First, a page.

Function implements Kruskal's (1964a,b) non-metric multidimensional scaling (NMDS) using monotone regression and primary (“weak”) treatment of ties. In addition to traditional global NMDS, the function implements local NMDS, linear and hybrid multidimensional scaling.
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monoMDS(dist, y, k = 2, model = c("global", "local", "linear", "hybrid"), threshold = 0.8, maxit = 200, weakties = TRUE, stress = 1, scaling = TRUE, pc = TRUE, smin = 1e-4, sfgrmin = 1e-7, sratmax=0.99999, ...) ## S3 method for class 'monoMDS' scores(x, choices = NA, ...) ## S3 method for class 'monoMDS' plot(x, choices = c(1,2), type = "t", ...)
Starting configuration. A random configuration will be generated if this is missing.
Number of dimensions. NB., the number of points n should be n > 2*k + 1, and preferably higher in non-metric MDS.
Dissimilarity below which linear regression is used alternately with monotone regression.
Maximum number of iterations.
Use primary or weak tie treatment, where equal
observed dissimilarities are allowed to have different fitted
Use stress type 1 or 2 (see Details).
Scale final scores to unit root mean squares.
Rotate final scores to principal components.
Convergence criteria: iterations stop
when stress drops below
Dimensions returned or plotted. The default
The type of the plot:
Other parameters to the functions (ignored in
There are several versions of non-metric multidimensional
scaling in R, but
monoMDS offers the following unique
combination of features:
“Weak” treatment of ties (Kruskal 1964a,b), where
tied dissimilarities can be broken in monotone regression. This is
especially important for cases where compared sites share no
species and dissimilarities are tied to their maximum value of
one. Breaking ties allows these points to be at different
distances and can help in recovering very long coenoclines
(smacof package) also has adequate tie treatment.
Handles missing values in a meaningful way.
Offers “local” and “hybrid” scaling in addition to usual “global” NMDS (see below).
Uses fast compiled code (
isoMDS of the
MASS package also uses compiled code).
monoMDS uses Kruskal's (1964b) original monotone
regression to minimize the stress. There are two alternatives of
stress: Kruskal's (1964a,b) original or “stress 1” and an
alternative version or “stress 2” (Sibson 1972). Both of
these stresses can be expressed with a general formula
stress^2 = sum (d-dhat)^2/ sum (d-dnull)^2
where d are distances among points in ordination configuration,
dhat are the fitted ordination distances, and
dnull are the ordination distances under null model. For
“stress 1” dnull = 0, and for “stress 2”
dnull = dbar or mean distances. “Stress 2”
can be expressed as stress^2 = 1 - R2,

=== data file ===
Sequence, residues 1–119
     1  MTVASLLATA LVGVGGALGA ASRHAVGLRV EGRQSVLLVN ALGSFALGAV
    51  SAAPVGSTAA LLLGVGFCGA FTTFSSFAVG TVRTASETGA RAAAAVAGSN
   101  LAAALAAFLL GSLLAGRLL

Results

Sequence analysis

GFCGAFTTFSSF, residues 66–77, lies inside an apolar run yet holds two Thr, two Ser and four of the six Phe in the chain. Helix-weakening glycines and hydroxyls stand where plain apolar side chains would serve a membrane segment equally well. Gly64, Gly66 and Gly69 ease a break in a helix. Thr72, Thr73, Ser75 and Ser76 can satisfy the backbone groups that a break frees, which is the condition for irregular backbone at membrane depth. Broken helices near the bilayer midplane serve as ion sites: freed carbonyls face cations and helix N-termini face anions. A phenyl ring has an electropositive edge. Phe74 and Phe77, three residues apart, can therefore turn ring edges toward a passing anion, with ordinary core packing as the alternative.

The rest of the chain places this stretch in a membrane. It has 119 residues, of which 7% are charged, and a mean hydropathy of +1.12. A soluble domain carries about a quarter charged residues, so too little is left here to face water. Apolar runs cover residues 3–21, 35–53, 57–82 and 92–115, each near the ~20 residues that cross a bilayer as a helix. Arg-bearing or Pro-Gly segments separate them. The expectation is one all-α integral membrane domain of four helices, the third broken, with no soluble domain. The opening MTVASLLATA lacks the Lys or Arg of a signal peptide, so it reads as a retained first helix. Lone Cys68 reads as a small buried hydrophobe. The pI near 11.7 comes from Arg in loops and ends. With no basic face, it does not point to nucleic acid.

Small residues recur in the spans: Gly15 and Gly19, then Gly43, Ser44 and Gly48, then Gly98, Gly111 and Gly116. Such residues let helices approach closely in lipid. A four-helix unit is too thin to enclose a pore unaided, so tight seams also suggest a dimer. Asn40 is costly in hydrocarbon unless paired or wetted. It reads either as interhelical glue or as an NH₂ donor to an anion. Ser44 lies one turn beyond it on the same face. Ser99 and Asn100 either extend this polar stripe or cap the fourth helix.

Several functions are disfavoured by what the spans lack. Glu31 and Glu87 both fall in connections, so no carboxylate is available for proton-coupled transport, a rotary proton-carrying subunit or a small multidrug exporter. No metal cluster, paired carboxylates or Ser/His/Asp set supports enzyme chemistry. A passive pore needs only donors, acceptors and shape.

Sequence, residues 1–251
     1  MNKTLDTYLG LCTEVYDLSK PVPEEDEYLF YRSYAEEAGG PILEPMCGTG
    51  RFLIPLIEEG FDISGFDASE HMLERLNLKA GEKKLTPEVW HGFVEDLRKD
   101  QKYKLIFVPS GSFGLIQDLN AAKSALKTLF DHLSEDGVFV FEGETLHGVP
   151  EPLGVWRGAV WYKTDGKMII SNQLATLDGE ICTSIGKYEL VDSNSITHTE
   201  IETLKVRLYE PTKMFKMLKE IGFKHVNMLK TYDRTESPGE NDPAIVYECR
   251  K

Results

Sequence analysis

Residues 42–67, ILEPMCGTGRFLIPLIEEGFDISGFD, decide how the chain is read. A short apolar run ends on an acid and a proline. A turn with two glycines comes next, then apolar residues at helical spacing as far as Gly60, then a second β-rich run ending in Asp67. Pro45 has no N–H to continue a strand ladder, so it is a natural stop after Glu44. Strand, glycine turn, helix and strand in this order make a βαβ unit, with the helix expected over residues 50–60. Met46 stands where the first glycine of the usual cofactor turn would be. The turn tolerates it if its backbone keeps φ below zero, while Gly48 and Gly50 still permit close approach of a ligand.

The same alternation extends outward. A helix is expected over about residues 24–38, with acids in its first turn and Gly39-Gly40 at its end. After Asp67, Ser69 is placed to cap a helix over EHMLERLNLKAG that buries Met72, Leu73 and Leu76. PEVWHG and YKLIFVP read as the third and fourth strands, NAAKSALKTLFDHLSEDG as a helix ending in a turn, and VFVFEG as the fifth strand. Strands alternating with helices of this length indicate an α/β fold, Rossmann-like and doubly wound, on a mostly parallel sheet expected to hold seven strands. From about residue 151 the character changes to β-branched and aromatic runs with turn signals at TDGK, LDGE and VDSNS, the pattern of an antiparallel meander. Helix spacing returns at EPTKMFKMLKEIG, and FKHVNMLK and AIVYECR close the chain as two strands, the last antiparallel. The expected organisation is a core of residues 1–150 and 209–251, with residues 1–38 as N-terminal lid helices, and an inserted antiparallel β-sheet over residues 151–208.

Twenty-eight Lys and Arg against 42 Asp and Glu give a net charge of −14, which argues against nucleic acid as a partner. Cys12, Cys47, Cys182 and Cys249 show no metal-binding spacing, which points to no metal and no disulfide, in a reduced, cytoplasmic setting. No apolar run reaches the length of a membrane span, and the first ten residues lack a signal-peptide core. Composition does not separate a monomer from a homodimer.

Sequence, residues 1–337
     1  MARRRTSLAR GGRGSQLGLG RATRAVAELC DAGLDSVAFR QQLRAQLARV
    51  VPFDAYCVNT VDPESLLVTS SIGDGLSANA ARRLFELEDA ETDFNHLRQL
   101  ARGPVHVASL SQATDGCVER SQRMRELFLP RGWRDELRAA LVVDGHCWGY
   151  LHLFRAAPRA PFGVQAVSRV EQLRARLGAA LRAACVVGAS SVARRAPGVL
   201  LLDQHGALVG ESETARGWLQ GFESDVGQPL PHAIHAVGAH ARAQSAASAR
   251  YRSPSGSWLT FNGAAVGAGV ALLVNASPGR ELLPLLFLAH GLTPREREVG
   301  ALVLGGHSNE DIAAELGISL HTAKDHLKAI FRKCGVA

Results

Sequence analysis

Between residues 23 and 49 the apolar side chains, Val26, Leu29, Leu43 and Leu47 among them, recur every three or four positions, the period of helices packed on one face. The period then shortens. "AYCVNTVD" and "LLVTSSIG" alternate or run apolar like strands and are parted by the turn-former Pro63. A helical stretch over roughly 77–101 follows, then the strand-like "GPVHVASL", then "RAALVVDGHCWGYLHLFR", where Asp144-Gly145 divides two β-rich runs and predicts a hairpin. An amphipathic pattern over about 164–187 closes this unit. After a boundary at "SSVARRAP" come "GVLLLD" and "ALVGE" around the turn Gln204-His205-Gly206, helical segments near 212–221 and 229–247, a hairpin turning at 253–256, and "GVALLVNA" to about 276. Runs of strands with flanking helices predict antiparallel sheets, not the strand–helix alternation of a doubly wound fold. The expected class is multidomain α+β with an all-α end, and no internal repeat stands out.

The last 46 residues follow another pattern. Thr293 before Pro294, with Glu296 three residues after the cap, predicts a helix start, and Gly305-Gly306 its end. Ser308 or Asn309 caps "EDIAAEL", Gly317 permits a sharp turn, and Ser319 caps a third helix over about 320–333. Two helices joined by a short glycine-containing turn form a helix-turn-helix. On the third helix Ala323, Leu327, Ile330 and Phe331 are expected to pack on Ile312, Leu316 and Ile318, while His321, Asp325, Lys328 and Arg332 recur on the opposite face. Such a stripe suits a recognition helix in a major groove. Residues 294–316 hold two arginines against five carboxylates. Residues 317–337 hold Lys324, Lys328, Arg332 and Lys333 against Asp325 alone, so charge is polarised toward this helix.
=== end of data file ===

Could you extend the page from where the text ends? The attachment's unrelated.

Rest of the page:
whereR2 is squared correlation between fitted values and
ordination distances, and so related to the “linear fit” of
monoMDS can fit several alternative NMDS variants
that can be selected with argument
model. The default
model = "global" fits global NMDS, or Kruskal's (1964a,b)
original NMDS similar to
smacofSym (smacof). Alternative
model = "local" fits local NMDS where independent monotone
regression is used for each point (Sibson 1972). Alternative
model = "linear" fits a linear MDS. This fits a linear
regression instead of monotone, and is not identical to metric
scaling or principal coordinates analysis (
that performs an eigenvector decomposition of dissimilarities (Gower
model = "hybrid" implements hybrid MDS
that uses monotone regression for all points and linear regression
for dissimilarities below or at a
in alternating steps (Faith et al. 1987). Function
stressplot can be used to display the kind of
regression in each
Scaling, orientation and direction of the axes is arbitrary.
However, the function always centres the axes, and the default
scaling is to scale the configuration ot unit root mean
square and to rotate the axes (argument
pc) to principal
components so that the first dimension shows the major variation.
It is possible to rotate the solution so that the first axis is
parallel to a given environmental variable using function
Returns an object of class
"monoMDS". The final scores
are returned in item
these results), and the stress in item
stress. In addition,
there is a large number of other items (but these may change without
notice in the future releases).
This is the default NMDS function used in
metaMDS adds support
functions so that NMDS can be run like recommended by Minchin
Peter R. Michin (Fortran core) and Jari Oksanen (R interface).
Faith, D.P., Minchin, P.R and Belbin, L. 1987. Compositional dissimilarity as a robust measure of ecological distance. Vegetatio 69, 57–68.
Gower, J.C. (1966). Some distance properties of latent root and vector methods used in multivariate analysis. Biometrika 53, 325–328.
Kruskal, J.B. 1964a. Multidimensional scaling by optimizing goodness-of-fit to a nonmetric hypothesis. Psychometrika 29, 1–28.
Kruskal, J.B. 1964b. Nonmetric multidimensional scaling: a numerical method. Psychometrika 29, 115–129.
Minchin, P.R. 1987. An evaluation of relative robustness of techniques for ecological ordinations. Vegetatio 69, 89–107.
Sibson, R. 1972. Order invariant methods for data analysis. Journal of the Royal Statistical Society B 34, 311–349.
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Loading required package: permute Loading required package: lattice This is vegan 2.4-3 Call: monoMDS(dist = dis, model = "loc") Local non-metric Multidimensional Scaling 20 points, dissimilarity 'bray', call 'vegdist(x = dune)' Dimensions: 2 Stress: 0.1134962 Stress type 1, weak ties Scores scaled to unit root mean square, rotated to principal components Stopped after 77 iterations: Stress nearly unchanged (ratio > sratmax)
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